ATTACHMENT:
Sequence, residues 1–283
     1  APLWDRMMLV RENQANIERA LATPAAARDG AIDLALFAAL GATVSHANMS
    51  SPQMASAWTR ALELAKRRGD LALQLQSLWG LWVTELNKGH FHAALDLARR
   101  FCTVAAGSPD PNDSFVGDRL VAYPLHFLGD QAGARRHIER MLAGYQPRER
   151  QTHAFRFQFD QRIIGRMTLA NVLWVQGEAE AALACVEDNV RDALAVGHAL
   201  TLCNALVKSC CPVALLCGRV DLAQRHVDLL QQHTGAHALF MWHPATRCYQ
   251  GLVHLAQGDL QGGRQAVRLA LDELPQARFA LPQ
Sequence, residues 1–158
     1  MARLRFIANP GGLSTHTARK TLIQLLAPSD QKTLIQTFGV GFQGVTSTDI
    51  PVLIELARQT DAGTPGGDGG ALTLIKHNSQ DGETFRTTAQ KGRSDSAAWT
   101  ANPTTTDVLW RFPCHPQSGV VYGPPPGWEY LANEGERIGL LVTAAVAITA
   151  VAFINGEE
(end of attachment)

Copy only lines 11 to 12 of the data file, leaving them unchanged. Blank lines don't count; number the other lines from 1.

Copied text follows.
   101  ANPTTTDVLW RFPCHPQSGV VYGPPPGWEY LANEGERIGL LVTAAVAITA
   151  VAFINGEE